Ohio’s weather and traffic create the ideal recipe for potholes
ODOT winter workforces continually repairing pavement damage between storms
COLUMBUS (Tuesday, March 02, 2010) – According to pavement experts from the Ohio Department of Transportation (ODOT), record snowfall in Ohio, repeated freeze/thaw cycles and the fifth highest volume of highway traffic in the nation has created the ideal recipe for potholes.
Since the start of the winter season (November 1, 2009), more than 5,000 tons of mix material have been used and more than 81,000 labor hours have been spent by ODOT’s winter crews repairing potholes along Ohio Interstates, State and U.S. Routes.
How is a pothole formed?
Weather is a big factor in making potholes. Moisture is a roads worst enemy. Snow, ice and rain seeps into the pores and small cracks of roadway surfaces. Once the water gets into the road, then freezes, it can cause the pavement to be stressed, to expand and to displace paving material. Sunlight and friction from vehicle tires create varying temperatures that keep the damaging freeze/thaw cycle in motion. Warmer temperatures accelerate the freeze/thaw cycle, causing pavement to deteriorate more quickly.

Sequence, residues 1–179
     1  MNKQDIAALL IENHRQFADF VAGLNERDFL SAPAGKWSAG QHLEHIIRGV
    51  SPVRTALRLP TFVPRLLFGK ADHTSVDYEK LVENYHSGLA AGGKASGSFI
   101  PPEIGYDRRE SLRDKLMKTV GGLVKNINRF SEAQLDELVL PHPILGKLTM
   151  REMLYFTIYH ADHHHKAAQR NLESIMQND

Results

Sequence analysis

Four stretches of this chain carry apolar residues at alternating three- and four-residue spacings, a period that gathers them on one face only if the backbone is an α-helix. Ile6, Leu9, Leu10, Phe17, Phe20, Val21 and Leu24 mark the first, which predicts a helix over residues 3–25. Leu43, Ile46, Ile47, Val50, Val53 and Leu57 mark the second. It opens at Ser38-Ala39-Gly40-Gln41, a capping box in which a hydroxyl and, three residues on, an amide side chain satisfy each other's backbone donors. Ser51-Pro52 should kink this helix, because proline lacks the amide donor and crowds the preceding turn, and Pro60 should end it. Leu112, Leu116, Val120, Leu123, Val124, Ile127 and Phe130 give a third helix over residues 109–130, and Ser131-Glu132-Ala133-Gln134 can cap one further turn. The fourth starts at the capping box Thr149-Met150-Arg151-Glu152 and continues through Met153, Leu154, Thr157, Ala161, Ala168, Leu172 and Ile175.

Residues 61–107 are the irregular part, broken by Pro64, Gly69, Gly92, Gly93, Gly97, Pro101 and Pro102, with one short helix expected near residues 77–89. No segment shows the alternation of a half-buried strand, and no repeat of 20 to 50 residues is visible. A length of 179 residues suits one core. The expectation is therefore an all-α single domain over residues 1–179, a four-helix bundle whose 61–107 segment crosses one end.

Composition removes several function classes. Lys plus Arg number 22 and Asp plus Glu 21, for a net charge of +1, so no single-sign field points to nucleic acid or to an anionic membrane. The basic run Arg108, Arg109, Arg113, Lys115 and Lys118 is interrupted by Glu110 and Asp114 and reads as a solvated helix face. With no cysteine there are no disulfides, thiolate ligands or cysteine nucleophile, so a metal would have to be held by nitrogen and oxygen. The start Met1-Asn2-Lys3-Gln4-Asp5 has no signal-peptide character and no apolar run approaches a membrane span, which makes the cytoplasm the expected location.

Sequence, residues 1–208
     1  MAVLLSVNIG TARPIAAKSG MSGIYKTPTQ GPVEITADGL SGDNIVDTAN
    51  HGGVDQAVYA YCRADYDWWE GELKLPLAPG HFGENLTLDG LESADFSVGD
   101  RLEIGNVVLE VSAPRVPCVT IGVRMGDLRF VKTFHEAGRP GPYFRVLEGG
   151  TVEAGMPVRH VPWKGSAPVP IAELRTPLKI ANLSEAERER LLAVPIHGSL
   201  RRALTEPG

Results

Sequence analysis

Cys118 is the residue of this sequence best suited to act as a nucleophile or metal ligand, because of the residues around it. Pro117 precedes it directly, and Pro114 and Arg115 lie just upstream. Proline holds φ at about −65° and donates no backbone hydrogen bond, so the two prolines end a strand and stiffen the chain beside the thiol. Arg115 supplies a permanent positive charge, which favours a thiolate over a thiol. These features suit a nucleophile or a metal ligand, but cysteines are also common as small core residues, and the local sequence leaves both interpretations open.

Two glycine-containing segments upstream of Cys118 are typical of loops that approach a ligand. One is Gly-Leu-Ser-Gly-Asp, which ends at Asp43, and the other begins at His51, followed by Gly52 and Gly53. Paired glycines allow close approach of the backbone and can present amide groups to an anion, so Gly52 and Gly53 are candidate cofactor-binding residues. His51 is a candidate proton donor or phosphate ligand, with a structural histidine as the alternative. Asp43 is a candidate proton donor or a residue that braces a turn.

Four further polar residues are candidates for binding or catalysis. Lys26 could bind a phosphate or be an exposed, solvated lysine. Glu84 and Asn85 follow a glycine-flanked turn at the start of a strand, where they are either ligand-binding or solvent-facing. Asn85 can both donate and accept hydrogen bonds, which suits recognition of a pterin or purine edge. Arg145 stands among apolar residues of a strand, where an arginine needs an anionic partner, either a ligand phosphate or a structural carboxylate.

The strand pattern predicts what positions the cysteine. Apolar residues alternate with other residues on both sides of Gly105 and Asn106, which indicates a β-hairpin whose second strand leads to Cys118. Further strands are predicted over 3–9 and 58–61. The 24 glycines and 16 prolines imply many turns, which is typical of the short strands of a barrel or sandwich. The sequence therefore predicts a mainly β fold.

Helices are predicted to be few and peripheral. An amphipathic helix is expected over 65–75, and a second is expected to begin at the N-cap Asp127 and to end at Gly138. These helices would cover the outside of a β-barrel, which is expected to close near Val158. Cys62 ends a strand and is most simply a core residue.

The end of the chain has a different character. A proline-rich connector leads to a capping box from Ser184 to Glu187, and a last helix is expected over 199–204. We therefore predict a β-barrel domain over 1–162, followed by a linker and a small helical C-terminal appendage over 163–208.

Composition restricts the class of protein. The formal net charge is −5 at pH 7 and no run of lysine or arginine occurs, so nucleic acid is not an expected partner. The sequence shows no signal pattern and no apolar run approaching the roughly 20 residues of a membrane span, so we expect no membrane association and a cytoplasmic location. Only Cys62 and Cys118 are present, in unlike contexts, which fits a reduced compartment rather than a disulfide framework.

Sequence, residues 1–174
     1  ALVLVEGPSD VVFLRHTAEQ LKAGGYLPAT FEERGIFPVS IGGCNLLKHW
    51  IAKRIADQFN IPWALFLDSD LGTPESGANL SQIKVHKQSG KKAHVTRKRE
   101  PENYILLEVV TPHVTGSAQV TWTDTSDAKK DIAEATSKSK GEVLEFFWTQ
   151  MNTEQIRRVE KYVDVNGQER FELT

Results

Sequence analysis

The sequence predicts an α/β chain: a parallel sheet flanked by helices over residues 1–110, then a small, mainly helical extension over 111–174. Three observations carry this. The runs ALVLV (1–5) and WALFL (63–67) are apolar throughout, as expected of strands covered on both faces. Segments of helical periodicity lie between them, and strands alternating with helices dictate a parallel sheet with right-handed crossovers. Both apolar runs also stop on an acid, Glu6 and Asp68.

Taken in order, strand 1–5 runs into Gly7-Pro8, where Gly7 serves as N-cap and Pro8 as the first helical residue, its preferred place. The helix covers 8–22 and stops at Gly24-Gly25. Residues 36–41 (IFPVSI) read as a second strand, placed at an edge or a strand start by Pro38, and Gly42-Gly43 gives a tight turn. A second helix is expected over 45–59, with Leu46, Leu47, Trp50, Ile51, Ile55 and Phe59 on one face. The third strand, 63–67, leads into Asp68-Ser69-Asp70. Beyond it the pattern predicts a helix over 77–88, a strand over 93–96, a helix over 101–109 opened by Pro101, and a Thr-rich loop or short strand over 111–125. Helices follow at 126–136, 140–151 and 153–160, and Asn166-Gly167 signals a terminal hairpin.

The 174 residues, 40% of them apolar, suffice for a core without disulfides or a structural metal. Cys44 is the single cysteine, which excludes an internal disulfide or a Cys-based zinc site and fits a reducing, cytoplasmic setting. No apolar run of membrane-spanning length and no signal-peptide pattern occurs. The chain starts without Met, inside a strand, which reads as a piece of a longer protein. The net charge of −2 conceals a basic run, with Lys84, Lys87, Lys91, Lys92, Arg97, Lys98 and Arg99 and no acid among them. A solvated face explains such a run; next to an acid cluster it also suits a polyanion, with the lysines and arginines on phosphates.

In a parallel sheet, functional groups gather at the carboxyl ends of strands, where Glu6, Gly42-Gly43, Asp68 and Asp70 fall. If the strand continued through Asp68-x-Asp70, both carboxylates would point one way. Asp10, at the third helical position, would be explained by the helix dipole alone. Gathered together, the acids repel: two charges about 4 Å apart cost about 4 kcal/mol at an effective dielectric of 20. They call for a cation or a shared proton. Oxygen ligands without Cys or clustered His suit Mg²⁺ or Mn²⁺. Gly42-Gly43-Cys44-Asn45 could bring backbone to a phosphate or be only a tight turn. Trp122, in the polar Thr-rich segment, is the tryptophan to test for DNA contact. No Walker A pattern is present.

With more precipitation, more freeze thaw cycles and the continued weight of traffic, the cracks go all the way through the pavement to the subsurface. At this point, water can get underneath the surface. When the subsurface water freezes and expands it pushes the pavement up and weakens it even more. When the ice melts and contracts it leaves a space and a weakened pavement layer over a cavity.
Why are there so many?
Some potholes have been there for a while during snow events and may not have been so easily noticed until pavement temperatures rise and the snow melts to reveal the new cracked and pitted surfaces. Nicer weather brings more motorists out to enjoy travel on nicer days. Where there is a stressed area and more traffic, potholes can pop up.
How does ODOT handle pothole repairs?
ODOT winter workforces continually work to repair pavement damage between storms. The same crews who keep highways safe and passable during winter events continually trade their plows in for pothole patching vehicles and materials. In between snowflakes, under heavy traffic and through the darkness of night, they are filling potholes that were created by the freeze/thaw cycles.
This time of year ODOT uses "cold mix" to repair potholes. Cold mix is a combination of asphalt, rocks, sand and an emulsion that causes the product to adhere to the hole. Cold mix is best used in cold weather, hence the name, and does not have to be heated to a hot temperature to work. The positive is - it works fast, but it is also similar to putting a Band-Aid on a cut that needs stitches. It doesn't last as long as hot material that is traditionally used in warmer climate.
For more information contact:
Paula Putnam, ODOT Central Office Communications, at 614-728-8915
or Your Local ODOT Communications Office